BY JENNIFER CABRERA
TALLAHASSEE, Fla. – The Florida Department of Economic Opportunity (DEO) has filed a petition with the State of Florida Division of Administrative Hearings against one of the City of Gainesville’s exclusionary zoning ordinances, claiming that the ordinance, which amends the City’s Comprehensive Plan, will “adversely impact an important state resource or facility, in this case being affordable housing.”
In September, DEO submitted comments to the City, recommending withdrawal of the City’s plans to remove all single-family zoning throughout the City; the city commission passed the ordinances on 4-3 votes on October 17.
The City has contested DEO’s assertion that affordable housing is an important state resource, but DEO’s petition argues that there is no merit to the City’s position because the legislature created the Florida Housing Finance Corporation more than 40 years ago to provide affordable housing opportunities to Florida’s residents and has affirmed the state’s role in various statutes.
DEO says ordinance “adversely impacts the creation and preservation of affordable housing”
The petition quotes Florida Statutes that require all comprehensive plans to “allow the operation of the real estate markets to provide adequate choices for permanent and seasonal residents” and that the ordinance “creates internal inconsistency with other elements of the City’s Comprehensive Plan” and “adversely impacts the creation and preservation of affordable housing, and it therefore cannot stand.”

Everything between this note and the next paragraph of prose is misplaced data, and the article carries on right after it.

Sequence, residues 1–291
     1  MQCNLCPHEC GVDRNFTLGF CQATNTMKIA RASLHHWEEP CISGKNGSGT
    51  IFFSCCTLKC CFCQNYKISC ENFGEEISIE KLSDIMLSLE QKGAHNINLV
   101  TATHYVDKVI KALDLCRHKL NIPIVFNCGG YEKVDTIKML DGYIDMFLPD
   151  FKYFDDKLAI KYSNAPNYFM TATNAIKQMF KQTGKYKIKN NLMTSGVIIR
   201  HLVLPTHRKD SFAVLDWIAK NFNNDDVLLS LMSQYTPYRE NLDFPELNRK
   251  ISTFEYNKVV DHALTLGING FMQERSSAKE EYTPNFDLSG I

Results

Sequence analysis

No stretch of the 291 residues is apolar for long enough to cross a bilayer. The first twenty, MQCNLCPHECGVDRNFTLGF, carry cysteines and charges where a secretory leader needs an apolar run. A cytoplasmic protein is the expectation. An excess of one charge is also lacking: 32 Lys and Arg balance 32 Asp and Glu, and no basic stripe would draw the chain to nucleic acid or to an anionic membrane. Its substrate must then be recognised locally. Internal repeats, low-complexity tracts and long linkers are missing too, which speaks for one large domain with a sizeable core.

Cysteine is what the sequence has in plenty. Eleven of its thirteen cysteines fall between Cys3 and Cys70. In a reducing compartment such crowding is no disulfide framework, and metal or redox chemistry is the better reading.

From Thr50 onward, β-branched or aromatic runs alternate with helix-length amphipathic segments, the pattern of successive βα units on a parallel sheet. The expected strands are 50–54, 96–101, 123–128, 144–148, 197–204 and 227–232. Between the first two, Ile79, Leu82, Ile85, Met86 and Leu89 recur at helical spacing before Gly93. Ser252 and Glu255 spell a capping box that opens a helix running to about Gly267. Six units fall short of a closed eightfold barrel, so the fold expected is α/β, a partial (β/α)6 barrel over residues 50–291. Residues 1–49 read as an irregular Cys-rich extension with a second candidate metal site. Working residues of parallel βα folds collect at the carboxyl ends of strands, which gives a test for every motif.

The petition argues that the City’s Housing Element Policy requires that the University of Florida and the private sector “shall be responsible for providing housing for college students” and that the ordinance “will predominantly benefit college students.” The petition concludes, “Based on its own data, it is simply illogical for the City to argue that by entirely removing the concept of lower density detached residential dwellings, and doing so with no incentives or restrictions to promote the creation and preservation of affordable housing, that it is doing anything more than helping provide housing to college students ad higher income residents.”
The petition also claims that the ordinance is inconsistent with the City’s policy requiring it to “maintain sound viable neighborhoods” because it “does not account for established neighborhoods.”
“The City is doing this with nothing more than the hope that the market will create and preserve affordable housing”
DEO argues that the ordinance “will also be wholly ineffective to create and preserve affordable housing, and will actually have an adverse impact in that regard… The City is doing this with nothing more than the hope that the market will create and preserve affordable housing–and that hope goes against the City’s own data.” DEO further adds that affordable housing will most likely not be constructed without “inclusionary zoning tools that require or encourage developers to create affordable housing in what are otherwise market-rate developments.” The City Plan Board is scheduled to consider inclusionary zoning ordinances this month.
A formal hearing on the petition is scheduled for December 6. An Administrative Law Judge will then issue a Recommended Order to the Administration Commission, which will enter a Final Order.